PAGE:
On May 13 2015 it will become easier and cheaper for US companies to protect their industrial designs worldwide. That is the day that the Geneva Act of the Hague Agreement Concerning the International Registration of Industrial Designs (aka the Hague Agreement) goes into effect for the US. Before that date, applicants in the US that want to protect their industrial designs in multiple international jurisdictions will still need to file separate applications in each one. When the Hague Agreement comes into effect for the US, applicants will only have to file one international application with either the US Patent and Trademark Office (USPTO) or the World Intellectual Property Organization (WIPO).
Registered industrial designs, or design patents, cover ornamental or aesthetic features of an object. For example, one famous design patent covers the rounded corners of the iPhone, as depicted above.
The Hague Agreement lets applicants register to 100 designs in more than 64 territories. Applications can be filed either electronically or on paper. The centralized registration makes it far more convenient to do renewals and modifications. An international registration has the same effect as a grant of protection in each of the member jurisdictions, unless protection is refused by the national office. International registrations of industrial designs are published every week in the International Designs Bulletin on the WIPO website.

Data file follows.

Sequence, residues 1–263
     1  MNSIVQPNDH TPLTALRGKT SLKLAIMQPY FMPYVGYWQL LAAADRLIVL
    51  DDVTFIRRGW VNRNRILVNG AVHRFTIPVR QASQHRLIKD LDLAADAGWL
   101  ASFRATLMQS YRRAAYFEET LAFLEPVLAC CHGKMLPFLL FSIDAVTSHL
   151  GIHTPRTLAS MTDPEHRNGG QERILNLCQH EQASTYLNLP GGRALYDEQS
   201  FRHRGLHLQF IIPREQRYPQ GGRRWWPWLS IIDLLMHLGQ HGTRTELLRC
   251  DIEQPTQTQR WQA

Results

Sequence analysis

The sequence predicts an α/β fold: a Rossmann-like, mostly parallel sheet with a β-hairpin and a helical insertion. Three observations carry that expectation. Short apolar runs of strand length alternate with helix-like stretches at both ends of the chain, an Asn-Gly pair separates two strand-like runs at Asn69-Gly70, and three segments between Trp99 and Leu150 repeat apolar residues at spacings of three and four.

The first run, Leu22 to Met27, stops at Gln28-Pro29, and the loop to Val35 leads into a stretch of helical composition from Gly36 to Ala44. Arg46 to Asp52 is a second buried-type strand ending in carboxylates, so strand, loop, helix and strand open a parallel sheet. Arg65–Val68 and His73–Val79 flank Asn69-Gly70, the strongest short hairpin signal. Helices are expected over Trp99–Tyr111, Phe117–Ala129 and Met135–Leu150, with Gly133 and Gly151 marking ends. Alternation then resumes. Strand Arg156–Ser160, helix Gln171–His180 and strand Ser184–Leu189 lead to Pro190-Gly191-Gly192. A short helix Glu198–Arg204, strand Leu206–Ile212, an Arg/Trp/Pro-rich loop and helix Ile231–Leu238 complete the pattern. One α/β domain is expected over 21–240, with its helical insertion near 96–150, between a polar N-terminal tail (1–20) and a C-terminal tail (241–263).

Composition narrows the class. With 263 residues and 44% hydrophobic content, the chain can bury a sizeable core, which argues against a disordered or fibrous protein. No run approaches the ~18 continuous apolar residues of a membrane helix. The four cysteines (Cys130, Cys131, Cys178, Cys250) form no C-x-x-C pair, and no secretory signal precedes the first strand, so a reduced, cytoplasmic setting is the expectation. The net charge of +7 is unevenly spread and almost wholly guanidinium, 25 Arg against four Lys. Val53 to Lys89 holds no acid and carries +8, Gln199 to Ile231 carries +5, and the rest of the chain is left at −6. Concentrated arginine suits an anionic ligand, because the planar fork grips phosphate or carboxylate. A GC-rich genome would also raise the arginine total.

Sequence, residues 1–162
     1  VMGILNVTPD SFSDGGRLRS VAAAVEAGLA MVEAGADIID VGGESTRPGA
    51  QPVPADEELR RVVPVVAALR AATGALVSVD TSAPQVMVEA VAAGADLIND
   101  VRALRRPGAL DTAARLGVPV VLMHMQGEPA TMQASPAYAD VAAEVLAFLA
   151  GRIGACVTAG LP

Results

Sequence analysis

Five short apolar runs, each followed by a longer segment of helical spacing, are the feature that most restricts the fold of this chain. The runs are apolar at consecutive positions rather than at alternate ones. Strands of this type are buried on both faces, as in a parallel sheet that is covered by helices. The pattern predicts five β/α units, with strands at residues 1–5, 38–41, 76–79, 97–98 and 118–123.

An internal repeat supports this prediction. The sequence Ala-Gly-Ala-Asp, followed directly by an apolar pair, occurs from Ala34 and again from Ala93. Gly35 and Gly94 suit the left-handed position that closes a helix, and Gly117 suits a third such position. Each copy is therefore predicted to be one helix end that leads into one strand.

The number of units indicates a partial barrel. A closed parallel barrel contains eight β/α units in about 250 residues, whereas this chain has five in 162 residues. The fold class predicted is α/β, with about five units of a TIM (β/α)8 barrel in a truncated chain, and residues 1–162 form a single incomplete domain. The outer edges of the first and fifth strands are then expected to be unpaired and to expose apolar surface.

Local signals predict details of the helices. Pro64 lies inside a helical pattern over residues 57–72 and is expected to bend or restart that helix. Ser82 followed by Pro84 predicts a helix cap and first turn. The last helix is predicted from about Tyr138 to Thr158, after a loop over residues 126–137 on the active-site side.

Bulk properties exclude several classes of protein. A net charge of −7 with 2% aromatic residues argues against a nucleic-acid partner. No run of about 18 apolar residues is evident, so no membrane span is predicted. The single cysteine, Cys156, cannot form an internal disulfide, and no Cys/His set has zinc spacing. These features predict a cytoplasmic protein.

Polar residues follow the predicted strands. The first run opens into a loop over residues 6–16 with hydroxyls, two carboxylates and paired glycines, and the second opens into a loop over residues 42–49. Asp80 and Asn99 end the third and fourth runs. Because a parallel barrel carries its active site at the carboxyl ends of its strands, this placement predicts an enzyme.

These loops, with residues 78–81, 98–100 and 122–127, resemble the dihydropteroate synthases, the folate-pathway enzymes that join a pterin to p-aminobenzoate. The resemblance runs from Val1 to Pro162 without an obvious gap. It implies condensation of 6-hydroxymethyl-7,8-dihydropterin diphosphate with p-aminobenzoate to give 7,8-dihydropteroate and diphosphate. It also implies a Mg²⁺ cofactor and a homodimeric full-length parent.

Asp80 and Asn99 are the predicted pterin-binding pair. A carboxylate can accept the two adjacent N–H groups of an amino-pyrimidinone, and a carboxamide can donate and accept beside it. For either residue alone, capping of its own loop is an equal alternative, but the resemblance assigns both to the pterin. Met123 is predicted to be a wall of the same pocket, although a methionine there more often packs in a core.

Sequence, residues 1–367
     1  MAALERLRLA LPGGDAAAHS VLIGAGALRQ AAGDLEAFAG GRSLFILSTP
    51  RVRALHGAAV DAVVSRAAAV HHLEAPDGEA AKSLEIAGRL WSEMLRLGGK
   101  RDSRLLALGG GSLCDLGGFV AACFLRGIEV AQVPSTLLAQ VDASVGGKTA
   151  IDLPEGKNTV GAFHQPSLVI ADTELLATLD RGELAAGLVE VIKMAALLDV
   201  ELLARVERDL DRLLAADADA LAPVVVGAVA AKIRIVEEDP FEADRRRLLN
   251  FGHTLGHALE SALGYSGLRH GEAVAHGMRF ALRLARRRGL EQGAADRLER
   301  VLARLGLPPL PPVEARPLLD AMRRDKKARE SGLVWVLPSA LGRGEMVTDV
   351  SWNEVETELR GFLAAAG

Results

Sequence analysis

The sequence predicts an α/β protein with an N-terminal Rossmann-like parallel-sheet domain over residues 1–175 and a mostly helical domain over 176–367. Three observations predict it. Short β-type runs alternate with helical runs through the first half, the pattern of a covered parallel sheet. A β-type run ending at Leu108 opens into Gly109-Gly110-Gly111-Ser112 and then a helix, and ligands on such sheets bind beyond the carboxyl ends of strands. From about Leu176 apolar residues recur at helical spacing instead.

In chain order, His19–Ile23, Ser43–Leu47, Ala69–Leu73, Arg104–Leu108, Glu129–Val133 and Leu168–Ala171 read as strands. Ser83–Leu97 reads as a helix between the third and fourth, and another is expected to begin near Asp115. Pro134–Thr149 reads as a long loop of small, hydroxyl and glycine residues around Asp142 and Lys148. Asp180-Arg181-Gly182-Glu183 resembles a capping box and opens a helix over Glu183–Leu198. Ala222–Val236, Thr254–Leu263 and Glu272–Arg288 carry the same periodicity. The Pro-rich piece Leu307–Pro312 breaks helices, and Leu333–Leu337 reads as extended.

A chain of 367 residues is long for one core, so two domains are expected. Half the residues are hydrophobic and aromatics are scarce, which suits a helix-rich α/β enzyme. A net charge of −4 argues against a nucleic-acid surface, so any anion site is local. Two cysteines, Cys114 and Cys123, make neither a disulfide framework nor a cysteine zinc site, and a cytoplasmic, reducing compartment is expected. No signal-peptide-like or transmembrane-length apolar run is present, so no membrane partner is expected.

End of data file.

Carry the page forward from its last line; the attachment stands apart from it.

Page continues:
All of the EU member countries are already members of the Hague Agreement. Japan joined at the same time as the US, South Korea signed on last year, and Canada, China, and Russia are reportedly planning to join soon. Most of non-EU Western Europe has also signed up.
According to WIPO statistics, in 2013 8.2 % of all design applications worldwide were filed by US applicants, and 3.8% of the world’s design applications were filed in the US.